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The Samuel Jackson Five - The Samuel Jackson Five CD (album) cover

THE SAMUEL JACKSON FIVE

The Samuel Jackson Five

 

Post Rock/Math rock

3.85 | 80 ratings

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zravkapt
Special Collaborator
Post/Math Rock Team
4 stars This is the first full album I have heard from this Norwegian band and it's already one of the best albums I've heard this year, which probably says more about how unexciting this year has been so far than how good this album is. They have a great band name which is both a play on the name of the actor Samuel L. Jackson as well as the Jackson 5. Apparently this is their first album to feature vocals, but it's the instrumentals that stand out here. Good use is made of mandolin which adds diversity to the bands brand of post-rock. The album starts with some glitch style digital delays and whatnot. Then some mallet percussion, drums and distorted bass dominate "Never Ending Now" before some vaguely intricate guitar playing arrives. At the end the drums become barely audible and pushed back in the mix.

"Mockba" has a great melody on fuzz-toned guitar along with wordless harmony vocals and mandolin. Goes into a stereotypical post-rock vibe for awhile. Some nice synth gets added eventually. The beginning section gets reprised and then it ends in a cacophony as the sound is slowed down. "Electric Crayons" is the first of the vocal songs. Almost sounds like a decaffeinated Mars Volta mixed with some 1980s New Wave band. Decent song but nothing special. I don't know if the title of "Radio Gagarin" has anything to do with the first man in space (as far as we know) but going by the album cover you would almost think so. Dark piano chords introduces this track which features some great memorable mandolin playing. Everything gets a little looser and improv sounding in the middle with the piano doing some almost classical sounding quasi-soloing. Some heavenly female vocals show up and the song returns to it's original path.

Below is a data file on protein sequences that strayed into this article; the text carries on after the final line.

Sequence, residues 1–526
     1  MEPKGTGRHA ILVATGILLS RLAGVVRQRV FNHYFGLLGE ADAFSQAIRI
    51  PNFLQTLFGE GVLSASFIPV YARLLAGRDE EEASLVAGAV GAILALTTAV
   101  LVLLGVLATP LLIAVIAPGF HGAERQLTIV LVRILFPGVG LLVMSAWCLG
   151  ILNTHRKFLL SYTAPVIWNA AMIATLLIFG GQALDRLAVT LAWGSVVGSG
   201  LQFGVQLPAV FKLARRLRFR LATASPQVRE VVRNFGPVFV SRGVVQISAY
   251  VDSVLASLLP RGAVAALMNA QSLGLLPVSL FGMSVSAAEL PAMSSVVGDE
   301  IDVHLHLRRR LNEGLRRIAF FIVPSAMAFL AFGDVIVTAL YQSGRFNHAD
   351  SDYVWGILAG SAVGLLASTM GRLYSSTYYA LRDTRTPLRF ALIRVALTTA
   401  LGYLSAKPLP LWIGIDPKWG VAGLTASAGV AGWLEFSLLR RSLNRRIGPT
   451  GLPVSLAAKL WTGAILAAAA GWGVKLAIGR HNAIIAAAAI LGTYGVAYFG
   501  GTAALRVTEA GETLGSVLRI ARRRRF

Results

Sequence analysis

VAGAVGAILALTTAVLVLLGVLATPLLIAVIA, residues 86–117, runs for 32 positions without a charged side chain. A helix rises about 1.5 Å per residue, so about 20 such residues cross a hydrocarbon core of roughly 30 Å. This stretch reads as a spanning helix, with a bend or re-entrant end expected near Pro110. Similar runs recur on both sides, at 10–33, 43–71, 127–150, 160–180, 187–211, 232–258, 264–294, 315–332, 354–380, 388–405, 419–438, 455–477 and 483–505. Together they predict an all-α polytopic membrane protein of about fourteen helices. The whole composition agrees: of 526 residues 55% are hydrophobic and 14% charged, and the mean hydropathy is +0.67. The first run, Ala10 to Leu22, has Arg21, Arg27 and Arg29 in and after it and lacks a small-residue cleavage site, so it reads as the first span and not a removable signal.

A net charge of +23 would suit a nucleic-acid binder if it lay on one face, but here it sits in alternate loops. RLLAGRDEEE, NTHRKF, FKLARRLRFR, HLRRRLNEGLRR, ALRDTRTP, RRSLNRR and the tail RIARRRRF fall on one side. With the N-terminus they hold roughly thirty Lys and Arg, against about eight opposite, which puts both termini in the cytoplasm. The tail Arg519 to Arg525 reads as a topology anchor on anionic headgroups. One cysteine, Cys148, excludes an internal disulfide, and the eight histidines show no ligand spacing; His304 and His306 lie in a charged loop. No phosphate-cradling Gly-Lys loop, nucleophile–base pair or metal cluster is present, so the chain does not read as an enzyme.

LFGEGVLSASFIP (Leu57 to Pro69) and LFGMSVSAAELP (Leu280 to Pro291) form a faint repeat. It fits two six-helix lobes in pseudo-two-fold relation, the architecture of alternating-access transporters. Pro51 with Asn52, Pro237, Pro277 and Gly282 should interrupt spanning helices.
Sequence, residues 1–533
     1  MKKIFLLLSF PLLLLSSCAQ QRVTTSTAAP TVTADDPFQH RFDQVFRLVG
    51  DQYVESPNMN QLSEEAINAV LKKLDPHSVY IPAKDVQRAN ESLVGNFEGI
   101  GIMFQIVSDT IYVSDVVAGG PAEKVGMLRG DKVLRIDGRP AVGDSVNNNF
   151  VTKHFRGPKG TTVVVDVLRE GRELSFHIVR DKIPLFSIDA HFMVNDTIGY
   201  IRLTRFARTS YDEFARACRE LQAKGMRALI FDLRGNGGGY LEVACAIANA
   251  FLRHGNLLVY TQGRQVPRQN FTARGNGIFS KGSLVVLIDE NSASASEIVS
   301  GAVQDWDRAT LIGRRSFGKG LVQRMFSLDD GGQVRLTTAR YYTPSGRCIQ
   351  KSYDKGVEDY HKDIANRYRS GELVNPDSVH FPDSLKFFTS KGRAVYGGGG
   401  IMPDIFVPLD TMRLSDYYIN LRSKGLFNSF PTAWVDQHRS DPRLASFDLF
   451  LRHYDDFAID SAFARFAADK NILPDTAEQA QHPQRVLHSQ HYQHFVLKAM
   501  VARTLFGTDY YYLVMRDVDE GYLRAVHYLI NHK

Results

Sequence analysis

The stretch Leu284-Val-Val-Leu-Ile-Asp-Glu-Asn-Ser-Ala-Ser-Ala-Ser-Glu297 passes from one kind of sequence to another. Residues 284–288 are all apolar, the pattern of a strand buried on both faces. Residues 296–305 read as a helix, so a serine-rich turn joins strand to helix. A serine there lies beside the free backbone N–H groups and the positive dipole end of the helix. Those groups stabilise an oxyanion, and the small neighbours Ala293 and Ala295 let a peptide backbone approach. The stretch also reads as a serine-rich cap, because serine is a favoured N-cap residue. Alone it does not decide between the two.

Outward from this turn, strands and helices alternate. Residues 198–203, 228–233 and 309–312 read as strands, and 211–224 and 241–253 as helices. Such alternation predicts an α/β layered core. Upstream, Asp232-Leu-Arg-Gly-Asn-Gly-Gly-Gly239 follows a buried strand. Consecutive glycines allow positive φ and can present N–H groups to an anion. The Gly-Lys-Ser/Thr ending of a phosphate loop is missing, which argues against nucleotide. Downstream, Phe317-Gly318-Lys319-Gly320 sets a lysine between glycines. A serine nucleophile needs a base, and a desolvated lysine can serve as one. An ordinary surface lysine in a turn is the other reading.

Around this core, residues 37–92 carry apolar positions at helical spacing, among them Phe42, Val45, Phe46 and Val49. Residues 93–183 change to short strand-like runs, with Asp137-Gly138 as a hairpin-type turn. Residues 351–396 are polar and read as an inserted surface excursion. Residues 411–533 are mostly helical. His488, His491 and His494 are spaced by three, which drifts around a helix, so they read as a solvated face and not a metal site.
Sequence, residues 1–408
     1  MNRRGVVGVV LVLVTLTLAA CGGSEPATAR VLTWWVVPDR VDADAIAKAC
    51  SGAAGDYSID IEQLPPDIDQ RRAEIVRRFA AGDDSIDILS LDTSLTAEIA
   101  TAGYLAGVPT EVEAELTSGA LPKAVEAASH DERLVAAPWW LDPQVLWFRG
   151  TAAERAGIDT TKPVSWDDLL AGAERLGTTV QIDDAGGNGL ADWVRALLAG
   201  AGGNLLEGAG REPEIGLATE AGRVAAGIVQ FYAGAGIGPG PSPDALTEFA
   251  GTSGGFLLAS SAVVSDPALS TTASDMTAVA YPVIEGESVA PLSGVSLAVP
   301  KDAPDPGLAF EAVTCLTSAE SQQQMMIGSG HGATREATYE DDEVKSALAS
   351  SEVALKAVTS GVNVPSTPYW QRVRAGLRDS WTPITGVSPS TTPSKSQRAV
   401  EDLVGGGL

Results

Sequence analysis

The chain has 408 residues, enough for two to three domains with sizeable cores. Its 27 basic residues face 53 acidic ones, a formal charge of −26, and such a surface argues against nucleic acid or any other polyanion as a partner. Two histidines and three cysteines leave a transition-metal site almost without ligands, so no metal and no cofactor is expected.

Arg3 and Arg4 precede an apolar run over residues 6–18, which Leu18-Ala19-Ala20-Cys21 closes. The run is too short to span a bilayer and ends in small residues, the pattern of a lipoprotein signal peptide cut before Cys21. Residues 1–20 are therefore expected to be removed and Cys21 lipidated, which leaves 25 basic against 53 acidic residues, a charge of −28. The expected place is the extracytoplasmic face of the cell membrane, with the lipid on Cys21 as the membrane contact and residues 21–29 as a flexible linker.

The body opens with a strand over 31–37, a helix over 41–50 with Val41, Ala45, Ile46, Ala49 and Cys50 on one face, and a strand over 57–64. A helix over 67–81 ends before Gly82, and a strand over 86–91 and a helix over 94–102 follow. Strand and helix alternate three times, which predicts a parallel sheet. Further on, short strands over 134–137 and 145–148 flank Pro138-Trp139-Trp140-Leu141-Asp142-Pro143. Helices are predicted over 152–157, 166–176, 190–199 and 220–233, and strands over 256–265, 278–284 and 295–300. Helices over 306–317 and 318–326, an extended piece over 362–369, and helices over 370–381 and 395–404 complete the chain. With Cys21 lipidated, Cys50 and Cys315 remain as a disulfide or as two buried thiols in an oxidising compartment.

"Race To The Self-Destruct Button" has some metal style riffing on guitars while the rhythm section is more math-rock oriented. Some lovely wordless harmony vocals float over top. Some picking on clean guitar later as those vocals become a little different. Great song but too short. "Ten Crept In" is another vocal song. This sounds very indie rock. It's a good well- written song but it's hardly anything you could call 'prog' or 'post-rock' or anything like that. "A Perennial Candidate" opens with great sounding electric piano before tom-tom centred drumming and 'real' piano join it. Love the chord changes here. Later some sax changes the song into an odd-metered rhythm. The music returns to the opening part with some nice sax soloing. "Tremulous Silence" is the last vocal song. Sounds like some kind of alternative rock from the 1990s featuring organ and sax.

"And Then We Met The Locals" has dated sounding sequencer patterns and guitar picking getting joined by some tremoloed guitar. The bass and cymbals come in and everything gets brighter and more melodic. The guitar playing reminds me of some 1980s rock in places. Nice sax in this track. Goes into a more typical post-rock vibe with a synth soloing over top. This song changes back and forth quite a bit, the most interesting song compositionally. Some skronky sax playing turns the band ugly while beautiful singing pushes the clouds away and lets the sunshine in. This self-titled album is a good, consistent release from 2012. This has great sound and production values and a good front cover to boot. I should investigate their earlier albums in full, not just a few songs here and there. Anyway, this gets a 3.5 rounded up to 4 stars.

zravkapt | 4/5 |

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